on anything you buy. Just enter this in the "Let us know how you found
us or enter referral code" box.
(This code will work for anyone)

I hope this info is helpful.

Chris (at) Huebner (dot) com

>I am an experienced user of FPGAs, doing also conversion to ASIC from FPGAs.
>Yet, (as the conversion is done in Orbit, AMI, ...) I have lack of knowledge
>on the ASIC field (such as , but NOT only: the processes during the
>production, the impact on using gate-array vs. standard-cell and other
>issues.)
>
>I am looking for a recommendation on a tutorial book. Can any one suggest
>one ?
>
>Thank you in advance.
>
>
>

Article: 10731
Subject: Re: Fastest and biggest FPGA fast and big enough?
From: Phil Hays <pdhays@sprynet.com>
Date: Fri, 12 Jun 1998 22:10:50 -0700
Links: << >>  << T >>  << A >>
LAnder7735 wrote:
>  DynaChip's main claim to fame is that they are supposed to make the fastest FPGA's.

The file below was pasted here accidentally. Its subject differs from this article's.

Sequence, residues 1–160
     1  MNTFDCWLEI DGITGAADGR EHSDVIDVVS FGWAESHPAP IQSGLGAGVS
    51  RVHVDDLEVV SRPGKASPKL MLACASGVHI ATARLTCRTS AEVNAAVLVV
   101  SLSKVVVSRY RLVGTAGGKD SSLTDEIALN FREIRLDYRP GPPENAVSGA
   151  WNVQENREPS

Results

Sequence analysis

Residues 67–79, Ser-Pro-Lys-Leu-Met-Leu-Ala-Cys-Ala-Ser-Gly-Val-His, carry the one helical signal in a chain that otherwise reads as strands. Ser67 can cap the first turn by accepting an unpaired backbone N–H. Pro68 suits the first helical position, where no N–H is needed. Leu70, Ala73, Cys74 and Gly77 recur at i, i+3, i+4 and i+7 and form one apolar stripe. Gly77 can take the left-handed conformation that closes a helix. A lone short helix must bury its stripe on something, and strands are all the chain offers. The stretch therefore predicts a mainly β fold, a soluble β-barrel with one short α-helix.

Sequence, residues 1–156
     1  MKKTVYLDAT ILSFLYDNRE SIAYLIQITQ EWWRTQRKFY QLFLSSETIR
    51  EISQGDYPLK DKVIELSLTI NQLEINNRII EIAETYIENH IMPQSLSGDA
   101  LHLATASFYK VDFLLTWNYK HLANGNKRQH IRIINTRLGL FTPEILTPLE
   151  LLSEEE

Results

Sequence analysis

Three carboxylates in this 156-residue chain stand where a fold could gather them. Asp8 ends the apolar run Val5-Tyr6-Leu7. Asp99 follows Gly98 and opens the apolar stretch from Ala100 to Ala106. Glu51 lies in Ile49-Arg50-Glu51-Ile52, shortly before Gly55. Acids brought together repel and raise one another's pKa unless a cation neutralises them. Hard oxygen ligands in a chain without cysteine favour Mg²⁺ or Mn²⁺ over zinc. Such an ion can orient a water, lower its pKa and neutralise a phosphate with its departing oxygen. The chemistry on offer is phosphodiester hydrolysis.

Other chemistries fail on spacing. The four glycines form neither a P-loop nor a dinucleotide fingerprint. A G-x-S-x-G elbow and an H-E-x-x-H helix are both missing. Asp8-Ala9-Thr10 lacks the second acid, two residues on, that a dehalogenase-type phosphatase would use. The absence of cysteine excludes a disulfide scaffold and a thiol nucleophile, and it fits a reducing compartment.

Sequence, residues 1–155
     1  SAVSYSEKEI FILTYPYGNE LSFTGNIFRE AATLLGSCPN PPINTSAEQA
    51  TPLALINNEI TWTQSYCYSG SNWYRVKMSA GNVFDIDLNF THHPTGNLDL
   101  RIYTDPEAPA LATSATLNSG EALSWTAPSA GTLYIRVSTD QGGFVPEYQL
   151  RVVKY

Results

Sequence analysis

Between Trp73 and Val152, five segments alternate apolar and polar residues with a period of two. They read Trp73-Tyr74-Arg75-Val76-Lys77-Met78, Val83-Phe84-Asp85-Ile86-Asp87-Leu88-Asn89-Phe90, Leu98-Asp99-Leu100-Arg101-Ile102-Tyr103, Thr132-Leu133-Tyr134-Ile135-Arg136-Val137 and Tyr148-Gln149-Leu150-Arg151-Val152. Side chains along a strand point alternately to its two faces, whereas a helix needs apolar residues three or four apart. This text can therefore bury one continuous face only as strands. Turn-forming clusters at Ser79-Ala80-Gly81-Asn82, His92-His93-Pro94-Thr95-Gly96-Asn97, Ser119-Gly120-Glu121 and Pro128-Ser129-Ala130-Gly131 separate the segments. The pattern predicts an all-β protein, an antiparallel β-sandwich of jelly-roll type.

They did't have fast carry chains of Xilinx, so they were slower than
Xilinx for things that could use the fast carry chains.  Didn't work for
my design, but Dynachip's FPGAs have some neat features, might be worth
a look for some designs.


-- 
Phil Hays
"Irritatingly,  science claims to set limits on what 
we can do,  even in principal."   Carl Sagan
Article: 10732
Subject: Re: old PLDShell software wanted
From: z80@ds2.com (Peter)
Date: Sat, 13 Jun 1998 08:09:20 GMT
Links: << >>  << T >>  << A >>

There are various progs around which can convert Jedec into equations.
(I have never used one myself).